This time of year, my sheep stand at the fence line gazing at the fields as they begin to turn green. The lambs will stick their heads through the fence and under the gate just to get a nibble of the short grass growing on the other side. Once they get a taste for grass, they are intent on convincing me it is time to go out. However, transitioning sheep to pasture takes time and care, and it does not happen in a day.
Tips for Transitioning Sheep to Pasture
- The transition to grazing should happen gradually. The rumen needs time to adjust whenever new feed is introduced. New lush spring grass digests quickly and can cause diarrhea. To avoid this, introduce your sheep to pasture slowly, feeding hay at the same time. We let the sheep out for 15 minutes on their first day and then slowly increase from there. It usually takes us 2 or 3 weeks to go from winter feed to full time grazing.
- Graze on clean pasture. When turning out new lambs for the first time in the spring, we like to be sure the pastures are as free from parasites as possible. We share a couple of fields with a neighboring farmer. He allows us to graze in the early spring, then he hays the fields in the summer months. The fields are hayed twice during the summer month. By only grazing them once a year, we reduce the parasites in the field drastically.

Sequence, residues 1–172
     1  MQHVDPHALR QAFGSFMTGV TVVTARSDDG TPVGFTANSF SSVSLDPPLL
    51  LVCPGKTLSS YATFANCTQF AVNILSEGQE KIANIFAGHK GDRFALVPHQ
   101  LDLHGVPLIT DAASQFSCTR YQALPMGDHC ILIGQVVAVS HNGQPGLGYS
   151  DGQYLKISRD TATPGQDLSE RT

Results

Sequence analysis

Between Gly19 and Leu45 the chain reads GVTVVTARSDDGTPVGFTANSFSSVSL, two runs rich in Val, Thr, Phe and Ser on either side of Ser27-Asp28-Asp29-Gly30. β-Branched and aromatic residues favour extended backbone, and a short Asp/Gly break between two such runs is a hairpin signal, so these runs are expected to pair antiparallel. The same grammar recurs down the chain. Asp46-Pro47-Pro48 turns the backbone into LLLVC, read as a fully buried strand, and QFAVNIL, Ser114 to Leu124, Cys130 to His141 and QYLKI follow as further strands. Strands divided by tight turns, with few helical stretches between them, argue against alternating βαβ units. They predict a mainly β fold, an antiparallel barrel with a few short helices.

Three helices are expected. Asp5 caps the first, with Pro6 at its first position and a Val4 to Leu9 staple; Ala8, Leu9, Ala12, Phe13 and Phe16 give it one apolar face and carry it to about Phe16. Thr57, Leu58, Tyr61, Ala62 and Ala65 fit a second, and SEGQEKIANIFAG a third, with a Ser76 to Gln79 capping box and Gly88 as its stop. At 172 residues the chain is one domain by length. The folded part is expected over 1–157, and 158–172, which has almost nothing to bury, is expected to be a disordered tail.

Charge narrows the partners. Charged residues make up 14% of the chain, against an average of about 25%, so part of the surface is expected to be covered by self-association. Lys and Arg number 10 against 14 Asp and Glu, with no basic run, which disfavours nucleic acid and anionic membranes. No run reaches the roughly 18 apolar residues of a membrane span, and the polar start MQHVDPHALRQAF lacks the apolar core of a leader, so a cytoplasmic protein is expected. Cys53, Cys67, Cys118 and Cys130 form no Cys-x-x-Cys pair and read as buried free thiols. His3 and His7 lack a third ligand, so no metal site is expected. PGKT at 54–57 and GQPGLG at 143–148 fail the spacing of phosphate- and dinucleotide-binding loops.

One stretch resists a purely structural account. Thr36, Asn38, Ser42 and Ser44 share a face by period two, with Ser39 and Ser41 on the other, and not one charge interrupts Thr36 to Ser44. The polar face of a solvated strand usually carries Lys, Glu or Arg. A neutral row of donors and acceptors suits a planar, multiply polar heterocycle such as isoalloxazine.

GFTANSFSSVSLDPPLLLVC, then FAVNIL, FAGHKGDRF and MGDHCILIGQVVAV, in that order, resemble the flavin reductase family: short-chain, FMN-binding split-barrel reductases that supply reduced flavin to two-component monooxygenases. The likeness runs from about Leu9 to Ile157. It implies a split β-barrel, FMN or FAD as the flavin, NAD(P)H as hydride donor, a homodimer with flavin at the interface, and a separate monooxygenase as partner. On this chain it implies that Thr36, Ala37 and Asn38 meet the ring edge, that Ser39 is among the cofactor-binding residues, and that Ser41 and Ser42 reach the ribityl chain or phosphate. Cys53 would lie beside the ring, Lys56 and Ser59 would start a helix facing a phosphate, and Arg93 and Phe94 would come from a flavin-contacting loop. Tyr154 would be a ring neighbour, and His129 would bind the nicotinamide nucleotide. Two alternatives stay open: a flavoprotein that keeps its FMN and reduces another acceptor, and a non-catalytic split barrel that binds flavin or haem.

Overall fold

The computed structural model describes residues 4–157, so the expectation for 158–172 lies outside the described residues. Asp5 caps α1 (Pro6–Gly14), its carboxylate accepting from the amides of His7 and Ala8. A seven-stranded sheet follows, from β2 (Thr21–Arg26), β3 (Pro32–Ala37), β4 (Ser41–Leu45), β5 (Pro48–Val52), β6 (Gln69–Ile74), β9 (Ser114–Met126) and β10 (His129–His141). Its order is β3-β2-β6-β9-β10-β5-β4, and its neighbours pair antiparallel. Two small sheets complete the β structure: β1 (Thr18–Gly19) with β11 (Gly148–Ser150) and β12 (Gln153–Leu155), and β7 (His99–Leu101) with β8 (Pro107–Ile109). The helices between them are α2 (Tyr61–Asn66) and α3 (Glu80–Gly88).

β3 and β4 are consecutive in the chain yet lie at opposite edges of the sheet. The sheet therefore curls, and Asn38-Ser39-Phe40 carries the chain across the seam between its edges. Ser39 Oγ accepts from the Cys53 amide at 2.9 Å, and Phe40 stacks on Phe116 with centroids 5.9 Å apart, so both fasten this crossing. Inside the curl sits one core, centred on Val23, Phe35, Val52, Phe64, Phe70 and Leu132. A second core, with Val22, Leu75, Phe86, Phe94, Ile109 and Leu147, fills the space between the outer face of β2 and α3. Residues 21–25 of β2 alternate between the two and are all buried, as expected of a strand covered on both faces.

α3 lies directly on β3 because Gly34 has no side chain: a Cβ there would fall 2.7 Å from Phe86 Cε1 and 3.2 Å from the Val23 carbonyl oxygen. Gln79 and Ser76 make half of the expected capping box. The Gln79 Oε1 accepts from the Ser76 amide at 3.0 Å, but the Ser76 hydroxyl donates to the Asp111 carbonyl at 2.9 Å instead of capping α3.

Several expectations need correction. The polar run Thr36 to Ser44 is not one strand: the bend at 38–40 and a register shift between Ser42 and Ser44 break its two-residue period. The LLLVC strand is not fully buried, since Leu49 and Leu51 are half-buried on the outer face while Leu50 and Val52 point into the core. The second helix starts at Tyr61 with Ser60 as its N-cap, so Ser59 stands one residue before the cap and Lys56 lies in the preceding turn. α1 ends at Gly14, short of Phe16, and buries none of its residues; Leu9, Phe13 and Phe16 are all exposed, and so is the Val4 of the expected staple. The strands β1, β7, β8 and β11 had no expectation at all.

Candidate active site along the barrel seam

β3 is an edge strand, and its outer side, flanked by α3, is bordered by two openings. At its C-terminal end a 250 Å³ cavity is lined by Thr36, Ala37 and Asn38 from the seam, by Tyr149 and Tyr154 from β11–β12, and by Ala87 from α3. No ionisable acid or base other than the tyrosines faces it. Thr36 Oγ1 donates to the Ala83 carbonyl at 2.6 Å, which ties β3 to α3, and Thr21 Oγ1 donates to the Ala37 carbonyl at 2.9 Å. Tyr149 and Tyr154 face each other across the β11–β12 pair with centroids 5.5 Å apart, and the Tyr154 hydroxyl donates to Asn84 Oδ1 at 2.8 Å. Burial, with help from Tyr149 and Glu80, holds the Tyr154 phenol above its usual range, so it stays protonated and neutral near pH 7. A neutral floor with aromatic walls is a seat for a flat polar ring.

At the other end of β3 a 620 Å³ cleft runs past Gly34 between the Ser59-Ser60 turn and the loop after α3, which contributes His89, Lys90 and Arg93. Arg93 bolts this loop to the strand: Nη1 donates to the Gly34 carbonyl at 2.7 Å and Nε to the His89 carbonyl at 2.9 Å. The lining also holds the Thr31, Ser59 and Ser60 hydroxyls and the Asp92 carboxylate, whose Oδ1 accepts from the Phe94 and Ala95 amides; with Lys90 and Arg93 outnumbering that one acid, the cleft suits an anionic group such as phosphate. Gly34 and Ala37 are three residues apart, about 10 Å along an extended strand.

- Protect your forage by allowing the grass to grow 6 inches before turning sheep out onto pasture. Move the sheep to new pasture when they have grazed down to about 3 inches. This protects the new growth and allows the field to become established while protecting your sheep from parasite larvae that live on the first 1-2 inches of the grass blades.
- I have found a few tonics/remedies to help ease the change in diet on the rumen and digestive tract.
- Homeopathy remedies– I have found homeopathy remedies to be very successful in treating my sheep. I use nux vomica to aid digestion. It can be given by simply adding it to the drinking water, or by administering it as a drench mixed with molasses, and 1/2 teaspoon of baking soda and 10cc of water.
- Baking Soda provides relief from indigestion. I will leave it free choice next to their minerals during the spring. The sheep self regulate themselves and I find only a few will go to it. If a sheep begins to look uncomfortable, or is not eating well, I will put baking soda in a drench to be sure that they get a 1/2 teaspoon of it.
Other posts and articles of interest on pasture management to read: